Alex Bilodeau, Canadian mogulist Jennifer Heil’s friend, teammate and training partner almost got his prediction right. Asked earlier in the week if and when Canada would get its first ever Olympic gold medal on Canadian soil, he broke into a grin and turned to his friend “My sense is that it’s going to happen,” he said, “and I would bet a lot of money on the first day.”
Heil put in a brilliant run on an otherwise dismal, rainy Saturday night, on a Cypress Mountain course built with hay bails, imported snow and seeded with dry ice, but it fell just short. Heil held the lead for 27.86 seconds, the time it took for American Hannah Kearney to snatch it away, on the strength of a well-executed but risky flip on the upper jump.
Prime Minister Stephen Harper—who had hoped he was in the soggy presence of Canada’s first gold—instead gave her a hug of congratulations on her silver medal performance. “You made us very proud to be Canadian,” he said.
It was a performance delivered under unimaginable pressure in front of a rollicking, standing room only crowd on the first official day of competition. It was an event where the Canadian Olympic Committee had already penciled in a podium finish for Heil, as an essential first step in its ambitious plan to top the medal count at the Vancouver Winter Games for the first time in history.
As for Heil she accepted the results with grace. “I did what I wanted to do and I’m really proud,” she said, though she conceded, “no doubt about it, I was going for gold.”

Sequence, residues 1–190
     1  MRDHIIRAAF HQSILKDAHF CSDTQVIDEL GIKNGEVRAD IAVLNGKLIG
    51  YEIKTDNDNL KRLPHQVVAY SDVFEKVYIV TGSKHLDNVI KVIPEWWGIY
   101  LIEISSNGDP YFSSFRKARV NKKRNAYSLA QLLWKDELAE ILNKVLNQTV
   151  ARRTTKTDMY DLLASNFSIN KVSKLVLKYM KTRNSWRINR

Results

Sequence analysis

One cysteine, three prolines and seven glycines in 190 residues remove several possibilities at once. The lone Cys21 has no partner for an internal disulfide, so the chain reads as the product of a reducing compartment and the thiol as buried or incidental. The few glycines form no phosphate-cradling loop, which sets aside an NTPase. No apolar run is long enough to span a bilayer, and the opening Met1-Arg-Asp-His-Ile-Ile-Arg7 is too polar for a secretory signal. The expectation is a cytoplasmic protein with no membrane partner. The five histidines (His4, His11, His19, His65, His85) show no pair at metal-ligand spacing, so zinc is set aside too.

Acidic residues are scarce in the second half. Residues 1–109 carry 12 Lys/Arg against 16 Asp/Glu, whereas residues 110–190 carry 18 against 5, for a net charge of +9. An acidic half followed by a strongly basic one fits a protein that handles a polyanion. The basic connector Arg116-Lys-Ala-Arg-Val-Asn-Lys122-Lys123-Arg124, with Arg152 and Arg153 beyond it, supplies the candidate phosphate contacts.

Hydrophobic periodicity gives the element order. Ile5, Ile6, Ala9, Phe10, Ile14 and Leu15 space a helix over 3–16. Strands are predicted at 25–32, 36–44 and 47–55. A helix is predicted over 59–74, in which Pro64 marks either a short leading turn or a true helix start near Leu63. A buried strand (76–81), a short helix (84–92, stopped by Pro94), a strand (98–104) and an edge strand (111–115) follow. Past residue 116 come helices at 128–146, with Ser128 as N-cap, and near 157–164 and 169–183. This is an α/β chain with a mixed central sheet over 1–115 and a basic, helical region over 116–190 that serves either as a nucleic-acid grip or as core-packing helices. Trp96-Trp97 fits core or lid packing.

Canada has never been better prepared, and athletes have never had better support, she said. Music to Harper’s ears.
“I felt like I was standing on the shoulders of so many Canadians. I felt like I had their wings on my back.” This is Canada’s medal, she said. And while it’s silver, she added, “Canadians can be assured that the gold medal is coming on home soil. Canadians have such a strong team.”
Indeed there were signs of future greatness. Chloe Dufour-Lapointe of Montreal, who at 18 is one of the youngest members of the Canadian team, put in a surprising fifth-place performance.” It was an echo of Heil’s fourth-place performance in Salt Lake City, when she was an 18-year-old Olympian.
Heil went on to win Canada’s first gold in Turin in 2006 on the first day of competition, helping inspire a medal run that gave Canada its best-ever Olympic result, third in the medal count.
As for Saturday’s U.S. gold, perhaps Canadians can make a minor claim. “I’m half-Canadian,” said Kearney, whose mother, Jill, is from Montreal, “so I pretended the Canadian cheers were for me.”